Nearly 12 crore COVID vaccine doses will be available to states and union territories in June 2021 enabling them to ramp up inoculation, the Centre informed them on Monday. In a review meeting held through video conferencing, the states and UTs were also exhorted to proactively increase engagement with private hospitals on COVID vaccinations and take up non-health facility based settings and nearer to home vaccination centres for the elderly and differently-abled.
They were advised to constitute a dedicated team of 2-3 members to regularly coordinate with vaccine manufacturers and private hospitals for timely supplies of vaccine, a health ministry statement said. In the meeting with administrators from states and UTs on the progress of vaccination, Health Secretary Rajesh Bhushan assured them that the central government will provide the states and UTs with the available buffer stock to urgently replenish their depleting supplies so that the vaccination drive continues at a steady pace, it said.
The Health Secretary appreciated the collective efforts of states and UTS to increase the pace of vaccination in the last week of May 2021 as most of the vaccine supply of the current month reached the states towards the end. He also pointed out there is a substantial scope to accelerate the pace of vaccination even further, the statement said.
"The total availability of vaccines is going to increase further in June 2021 (as already shared with them through the Vaccine Visibility Calendar). Nearly 12 crores (11,95,70,000) doses will be available to states and UTs in June 2021 enabling them to ramp up the vaccination numbers," the statement said. Many states have complained of persistent shortage of vaccine. The meeting was held on a day Kerala Chief Minister Pinarayi Vijayan wrote to 11 CMs of non-BJP ruled states seeking a united effort to press the Centre to procure COVID-19 vaccines and ensure free universal vaccination.
Frequently Asked Questions
A vaccine works by mimicking a natural infection. A vaccine not only induces immune response to protect people from any future COVID-19 infection, but also helps quickly build herd immunity to put an end to the pandemic. Herd immunity occurs when a sufficient percentage of a population becomes immune to a disease, making the spread of disease from person to person unlikely. The good news is that SARS-CoV-2 virus has been fairly stable, which increases the viability of a vaccine.
There are broadly four types of vaccine — one, a vaccine based on the whole virus (this could be either inactivated, or an attenuated [weakened] virus vaccine); two, a non-replicating viral vector vaccine that uses a benign virus as vector that carries the antigen of SARS-CoV; three, nucleic-acid vaccines that have genetic material like DNA and RNA of antigens like spike protein given to a person, helping human cells decode genetic material and produce the vaccine; and four, protein subunit vaccine wherein the recombinant proteins of SARS-COV-2 along with an adjuvant (booster) is given as a vaccine.
Vaccine development is a long, complex process. Unlike drugs that are given to people with a diseased, vaccines are given to healthy people and also vulnerable sections such as children, pregnant women and the elderly. So rigorous tests are compulsory. History says that the fastest time it took to develop a vaccine is five years, but it usually takes double or sometimes triple that time.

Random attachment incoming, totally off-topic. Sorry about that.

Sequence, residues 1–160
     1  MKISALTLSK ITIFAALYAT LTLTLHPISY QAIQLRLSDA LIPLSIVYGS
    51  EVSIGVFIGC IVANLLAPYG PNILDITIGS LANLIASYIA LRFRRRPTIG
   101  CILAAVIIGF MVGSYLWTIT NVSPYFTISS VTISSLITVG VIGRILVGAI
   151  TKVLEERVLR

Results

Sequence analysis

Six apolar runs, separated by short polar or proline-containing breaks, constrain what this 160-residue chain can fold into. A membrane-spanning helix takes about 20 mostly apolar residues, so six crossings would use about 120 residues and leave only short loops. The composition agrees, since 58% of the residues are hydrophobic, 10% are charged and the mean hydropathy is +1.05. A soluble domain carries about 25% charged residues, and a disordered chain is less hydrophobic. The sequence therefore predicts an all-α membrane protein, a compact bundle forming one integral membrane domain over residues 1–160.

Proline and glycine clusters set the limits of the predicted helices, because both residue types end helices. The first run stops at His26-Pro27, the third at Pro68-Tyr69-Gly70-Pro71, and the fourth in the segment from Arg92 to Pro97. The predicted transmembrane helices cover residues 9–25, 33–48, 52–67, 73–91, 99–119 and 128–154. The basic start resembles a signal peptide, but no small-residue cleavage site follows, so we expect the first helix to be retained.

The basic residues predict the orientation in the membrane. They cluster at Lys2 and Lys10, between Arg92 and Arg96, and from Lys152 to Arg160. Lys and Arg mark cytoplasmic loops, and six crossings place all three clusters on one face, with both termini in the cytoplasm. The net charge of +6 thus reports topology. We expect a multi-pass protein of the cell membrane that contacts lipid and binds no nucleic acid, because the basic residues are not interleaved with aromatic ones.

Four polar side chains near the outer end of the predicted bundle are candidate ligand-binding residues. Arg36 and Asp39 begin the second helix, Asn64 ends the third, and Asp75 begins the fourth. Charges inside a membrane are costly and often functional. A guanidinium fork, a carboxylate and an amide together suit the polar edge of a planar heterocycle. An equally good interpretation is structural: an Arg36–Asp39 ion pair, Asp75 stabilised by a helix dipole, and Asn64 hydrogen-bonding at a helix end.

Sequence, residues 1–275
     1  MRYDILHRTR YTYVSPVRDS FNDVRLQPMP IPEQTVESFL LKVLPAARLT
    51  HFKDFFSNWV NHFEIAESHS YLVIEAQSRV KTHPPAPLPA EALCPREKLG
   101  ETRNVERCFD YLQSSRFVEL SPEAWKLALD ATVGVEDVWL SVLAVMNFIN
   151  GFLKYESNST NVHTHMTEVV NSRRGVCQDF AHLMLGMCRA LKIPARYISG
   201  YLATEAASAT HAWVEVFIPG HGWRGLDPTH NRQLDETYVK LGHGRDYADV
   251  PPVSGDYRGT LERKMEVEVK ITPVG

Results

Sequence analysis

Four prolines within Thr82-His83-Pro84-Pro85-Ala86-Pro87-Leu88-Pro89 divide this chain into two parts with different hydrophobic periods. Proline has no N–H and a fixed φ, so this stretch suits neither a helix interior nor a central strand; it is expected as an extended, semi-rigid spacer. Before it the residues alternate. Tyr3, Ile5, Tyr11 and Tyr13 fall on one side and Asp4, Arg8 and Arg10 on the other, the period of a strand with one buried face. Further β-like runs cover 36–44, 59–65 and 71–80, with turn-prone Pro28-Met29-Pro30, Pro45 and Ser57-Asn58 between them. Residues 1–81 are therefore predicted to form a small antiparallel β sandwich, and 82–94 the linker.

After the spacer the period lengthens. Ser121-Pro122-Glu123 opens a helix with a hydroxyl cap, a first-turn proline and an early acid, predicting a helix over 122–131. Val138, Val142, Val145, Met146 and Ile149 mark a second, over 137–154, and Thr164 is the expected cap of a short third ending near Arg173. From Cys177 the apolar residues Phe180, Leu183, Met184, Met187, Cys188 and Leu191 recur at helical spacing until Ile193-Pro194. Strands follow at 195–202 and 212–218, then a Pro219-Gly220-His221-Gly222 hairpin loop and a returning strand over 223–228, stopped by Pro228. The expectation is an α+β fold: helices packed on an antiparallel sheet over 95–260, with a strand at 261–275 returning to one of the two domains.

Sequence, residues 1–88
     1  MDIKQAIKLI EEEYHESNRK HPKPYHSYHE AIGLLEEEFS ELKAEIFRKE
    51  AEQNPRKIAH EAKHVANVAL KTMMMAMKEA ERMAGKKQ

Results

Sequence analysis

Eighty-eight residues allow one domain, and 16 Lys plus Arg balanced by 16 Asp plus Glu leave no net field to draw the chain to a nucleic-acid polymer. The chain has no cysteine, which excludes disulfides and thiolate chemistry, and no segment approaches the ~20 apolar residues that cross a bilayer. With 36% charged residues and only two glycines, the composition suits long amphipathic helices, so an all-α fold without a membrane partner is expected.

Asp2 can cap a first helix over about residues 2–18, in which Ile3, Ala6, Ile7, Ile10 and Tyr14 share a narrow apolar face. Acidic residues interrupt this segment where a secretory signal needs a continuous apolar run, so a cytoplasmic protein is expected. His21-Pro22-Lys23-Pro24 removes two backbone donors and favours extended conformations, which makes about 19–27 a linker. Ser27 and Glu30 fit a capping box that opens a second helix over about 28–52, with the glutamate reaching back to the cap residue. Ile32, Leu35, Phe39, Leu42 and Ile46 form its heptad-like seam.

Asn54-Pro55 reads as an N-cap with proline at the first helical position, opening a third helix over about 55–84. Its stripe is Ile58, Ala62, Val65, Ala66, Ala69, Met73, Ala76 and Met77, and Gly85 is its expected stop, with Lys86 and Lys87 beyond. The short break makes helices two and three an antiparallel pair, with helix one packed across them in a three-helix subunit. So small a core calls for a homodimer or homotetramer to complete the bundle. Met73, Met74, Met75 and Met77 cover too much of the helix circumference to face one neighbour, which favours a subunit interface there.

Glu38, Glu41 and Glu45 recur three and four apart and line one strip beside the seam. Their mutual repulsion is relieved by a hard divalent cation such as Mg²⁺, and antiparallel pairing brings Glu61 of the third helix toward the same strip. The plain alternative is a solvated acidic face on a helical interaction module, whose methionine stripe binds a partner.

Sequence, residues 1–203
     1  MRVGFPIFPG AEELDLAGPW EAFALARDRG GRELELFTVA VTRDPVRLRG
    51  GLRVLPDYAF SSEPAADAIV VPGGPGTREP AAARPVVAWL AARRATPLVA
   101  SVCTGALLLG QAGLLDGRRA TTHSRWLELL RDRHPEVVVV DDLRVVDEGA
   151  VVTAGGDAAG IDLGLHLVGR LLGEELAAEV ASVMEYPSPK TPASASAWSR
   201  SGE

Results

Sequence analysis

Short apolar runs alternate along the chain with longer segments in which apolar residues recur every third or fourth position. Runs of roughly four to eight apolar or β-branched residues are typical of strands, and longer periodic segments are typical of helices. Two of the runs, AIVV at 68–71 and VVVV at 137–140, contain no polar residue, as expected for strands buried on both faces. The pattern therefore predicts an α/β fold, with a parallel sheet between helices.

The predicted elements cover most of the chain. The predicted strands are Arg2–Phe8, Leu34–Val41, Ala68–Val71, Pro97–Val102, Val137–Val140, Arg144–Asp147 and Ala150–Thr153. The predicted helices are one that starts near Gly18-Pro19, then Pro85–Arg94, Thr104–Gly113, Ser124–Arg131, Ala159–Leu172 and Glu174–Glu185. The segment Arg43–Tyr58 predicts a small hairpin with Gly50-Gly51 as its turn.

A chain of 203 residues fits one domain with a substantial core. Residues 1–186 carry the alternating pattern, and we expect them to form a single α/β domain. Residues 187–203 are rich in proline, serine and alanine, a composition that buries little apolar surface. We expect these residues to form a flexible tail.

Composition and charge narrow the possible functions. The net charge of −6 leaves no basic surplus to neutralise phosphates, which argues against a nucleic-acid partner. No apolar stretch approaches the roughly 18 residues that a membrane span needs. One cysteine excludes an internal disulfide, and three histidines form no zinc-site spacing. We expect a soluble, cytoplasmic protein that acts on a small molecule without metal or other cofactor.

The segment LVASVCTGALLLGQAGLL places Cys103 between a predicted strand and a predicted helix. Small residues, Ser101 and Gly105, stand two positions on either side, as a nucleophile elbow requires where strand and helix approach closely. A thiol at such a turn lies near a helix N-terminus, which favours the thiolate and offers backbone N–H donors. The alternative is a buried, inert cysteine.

The vaccination exercise as a tool to protect the most vulnerable population groups in the country from COVID-19 continues to be regularly reviewed and monitored at the highest level, the Health Ministry statement said. The Secretary noted that a "graded, pre-emptive and pro-active approach" has allowed for the exercise to be modified to suit present circumstances in wide consultation with all the stakeholders which has resulted in more flexibility to the states and UTs regarding the vaccination program.
"With a focus on community-based outreach approach where sessions can be conducted in non-health facility based settings and nearer to home(e.g. in a community centre, RWA centre/office, panchayat ghar, school buildings, old age homes etc.)for elderly and differently-abled population, an advisory for "Near to Home COVID Vaccination Centres (NHCVCs) for Elderly and Differently Abled Citizens" has been shared with states and UTs," it said. States and UTs were urged to increase the number of near-to-home vaccination centres, and create awareness among the masses for use of these CVCs.
The process of identification of NHCVC Site and linkage with existing CVC was reiterated, the statement said. "States and UTs are to identify and designate an existing COVID Vaccination Center (CVC) to undertake vaccination at NHCVC. Nodal Officer of designated CVC will review the proposed NHCVCs for essential criteria viz. availability of 3 rooms/space for vaccination, accessibility for senior citizens/ special need, feasibility of managing AEFIs and availability of internet etc," it said.
Nodal Officer in charge of designated CVC is required to ensure vaccine, logistics and vaccination team deployment on the day of vaccination. It was again pointed to states and UTs to make focused efforts to drastically reduce wastage of COVID vaccine which is a public health commodity through optimal vaccine utilisation.While the overall levels have considerably reduced, Union Health Secretary pointed that there were many states which still needed to substantially reduce the wastage. It was suggested to states and UTs to retrain and reorient vaccinators to ensure judicious usage of the vaccines, the statement said.